Morey delivers again at the trade deadline


Though it's not what Rockets fans hoped for, Daryl Morey still delivered another productive trade deadline for the franchise.




What Rockets fans wanted was a superstar.

We are so desperate for a player cut from the exceptional cloth that we were all in for a Dwight Howard rental. So much so that we started talking ourselves into believing it was the best thing for the franchise. We thought maybe we would be able to convince the best center in the NBA to carry on the Rockets’ tradition of filling basketball sneakers with only the most dominant of big men.

That just wasn’t going to happen.

Instead, General Manager Daryl Morey went the more sensible rout and shed the Rockets of some horrible contracts. Eleven million dollars of owner Les Alexander’s money this season were going to three players who only took off their warm-ups when it was considered “garbage-time.”

Hasheem Thabeet was owed $5,127,720 for sitting at the end of the bench, while Jonny Flynn was making $3,414,720. Both players had team options for next season that were not going to be exercised. Now the money will go to a rotational player in veteran Marcus Camby who will make a much needed impact, especially defensively in the paint.

Well done, Daryl. He can’t make the necessary improvements to this team without first fixing past mistakes.

Along with Thabeet and Flynn, the Rockets sent a 2012 second-round draft pick to Portland, which is going for an all-out rebuild. The other trade needed to be dissected a little more. I wasn’t a total fan of giving up a center in his early 20s and starting to show some promise, but Jordan Hill was shipped to Los Angeles to back up Andrew Bynum.

In return, the Rockets agreed to pay Derek Fisher what was left of his current deal for this season, $3.4 million, and send him on his way. With “Fish” came a 2012 first-round pick, which is top 20-protected, that the Lakers acquired from Dallas in the Lamar Odom deal earlier this season.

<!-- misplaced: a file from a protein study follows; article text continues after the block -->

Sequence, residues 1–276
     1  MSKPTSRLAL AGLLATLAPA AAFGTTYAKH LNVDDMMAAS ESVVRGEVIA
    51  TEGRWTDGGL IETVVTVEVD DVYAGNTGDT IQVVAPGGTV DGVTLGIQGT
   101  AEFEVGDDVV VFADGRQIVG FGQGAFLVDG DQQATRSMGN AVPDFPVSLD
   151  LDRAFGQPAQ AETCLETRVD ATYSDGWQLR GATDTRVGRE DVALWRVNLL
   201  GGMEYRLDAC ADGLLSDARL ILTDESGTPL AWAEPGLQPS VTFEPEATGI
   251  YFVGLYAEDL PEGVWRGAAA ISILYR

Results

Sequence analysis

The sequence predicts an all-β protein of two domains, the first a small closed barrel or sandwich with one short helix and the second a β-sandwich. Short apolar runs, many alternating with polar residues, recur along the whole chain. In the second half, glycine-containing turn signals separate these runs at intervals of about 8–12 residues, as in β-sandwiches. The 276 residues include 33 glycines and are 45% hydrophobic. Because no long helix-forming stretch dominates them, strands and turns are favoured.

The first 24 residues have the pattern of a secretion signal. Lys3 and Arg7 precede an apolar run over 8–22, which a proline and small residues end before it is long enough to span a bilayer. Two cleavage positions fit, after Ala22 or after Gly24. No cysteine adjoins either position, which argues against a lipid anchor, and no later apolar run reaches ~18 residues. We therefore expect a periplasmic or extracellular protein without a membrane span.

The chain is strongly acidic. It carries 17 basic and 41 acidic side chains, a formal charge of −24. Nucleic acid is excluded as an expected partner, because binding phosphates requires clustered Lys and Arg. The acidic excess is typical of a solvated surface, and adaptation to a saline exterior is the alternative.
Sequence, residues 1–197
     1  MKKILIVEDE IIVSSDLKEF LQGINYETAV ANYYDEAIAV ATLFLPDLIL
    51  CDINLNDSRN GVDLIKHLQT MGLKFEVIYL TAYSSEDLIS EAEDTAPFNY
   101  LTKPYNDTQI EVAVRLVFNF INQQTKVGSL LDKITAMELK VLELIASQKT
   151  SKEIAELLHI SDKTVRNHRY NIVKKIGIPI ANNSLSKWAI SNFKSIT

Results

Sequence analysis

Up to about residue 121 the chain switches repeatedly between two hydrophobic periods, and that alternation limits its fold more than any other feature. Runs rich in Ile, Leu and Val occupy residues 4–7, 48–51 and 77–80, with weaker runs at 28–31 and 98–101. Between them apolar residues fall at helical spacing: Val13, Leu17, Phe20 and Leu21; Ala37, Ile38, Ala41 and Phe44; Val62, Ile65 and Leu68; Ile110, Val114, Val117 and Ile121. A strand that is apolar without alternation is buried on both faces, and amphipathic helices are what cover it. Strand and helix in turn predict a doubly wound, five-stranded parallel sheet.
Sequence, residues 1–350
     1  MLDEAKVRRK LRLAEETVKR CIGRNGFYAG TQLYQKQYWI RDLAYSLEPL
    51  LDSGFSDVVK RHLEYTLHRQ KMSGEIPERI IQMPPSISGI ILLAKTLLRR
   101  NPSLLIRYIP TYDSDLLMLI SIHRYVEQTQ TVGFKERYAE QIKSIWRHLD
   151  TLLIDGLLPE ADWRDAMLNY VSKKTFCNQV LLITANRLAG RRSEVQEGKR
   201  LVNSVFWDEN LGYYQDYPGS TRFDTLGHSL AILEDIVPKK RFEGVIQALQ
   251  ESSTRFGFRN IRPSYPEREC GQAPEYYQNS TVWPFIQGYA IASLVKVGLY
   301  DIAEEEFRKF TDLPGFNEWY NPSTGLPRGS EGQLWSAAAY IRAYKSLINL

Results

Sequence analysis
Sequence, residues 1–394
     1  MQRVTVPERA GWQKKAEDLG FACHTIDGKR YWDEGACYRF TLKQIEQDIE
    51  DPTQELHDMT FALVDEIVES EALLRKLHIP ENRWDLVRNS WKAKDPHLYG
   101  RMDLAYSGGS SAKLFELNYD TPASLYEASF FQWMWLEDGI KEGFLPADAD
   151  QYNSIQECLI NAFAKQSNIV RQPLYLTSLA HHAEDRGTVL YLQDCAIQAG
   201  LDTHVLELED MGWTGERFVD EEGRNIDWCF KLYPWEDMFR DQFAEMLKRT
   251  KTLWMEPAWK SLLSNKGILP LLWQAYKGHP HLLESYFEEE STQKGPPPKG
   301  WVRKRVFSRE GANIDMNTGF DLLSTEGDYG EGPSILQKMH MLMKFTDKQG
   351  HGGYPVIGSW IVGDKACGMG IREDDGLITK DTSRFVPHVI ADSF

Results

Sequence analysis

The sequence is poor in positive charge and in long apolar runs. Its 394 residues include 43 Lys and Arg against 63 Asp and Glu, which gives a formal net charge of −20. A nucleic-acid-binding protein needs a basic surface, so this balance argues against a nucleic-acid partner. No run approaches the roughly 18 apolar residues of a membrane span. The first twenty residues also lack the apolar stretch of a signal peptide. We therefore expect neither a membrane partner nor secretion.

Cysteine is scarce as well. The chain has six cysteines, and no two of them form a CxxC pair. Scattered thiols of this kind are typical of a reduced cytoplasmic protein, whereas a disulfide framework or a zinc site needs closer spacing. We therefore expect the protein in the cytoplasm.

Fisher, who is President of the National Basketball Players Association, has a “player option” for next season, but it’s more than clear that he wasn’t interested in joining “Red Nation.” To be honest, 99 percent of Rockets fans are thrilled knowing that they probably won’t see a hated rival donning the ketchup and mustard uniforms. What Morey was really interested in was the extra draft selection.

Interestingly now, Houston needs the Mavericks to lose enough to be behind the Rockets in the standings, but win just enough to land a draft pick outside of the top 20.

There was too much to be taken care of, as far as contractual issues, for Morey to break the bank on a player like Howard. Luis Scola and Kevin Martin both have deals that the Rockets want to clear from the books before any significant upgrade can be made. The swap for Camby was just enough for Houston to make that final plunge for the postseason.  We will likely see a lot less of Scola at the center position, which is another plus.  A team that was considered one of the least experienced in the league is all of a sudden among most experienced.

This is an exciting time for the franchise.  A strong run in the final 22 games will put the team in the playoffs for the first time in two years, and possibly three first-round picks are to be had in the upcoming draft for the Morey to make a legitimate offer for a superstar, or maybe even trade again for a higher pick in the lottery.

Once again, when it was all said and done, it was another productive trade deadline for the much scrutinized Daryl Morey.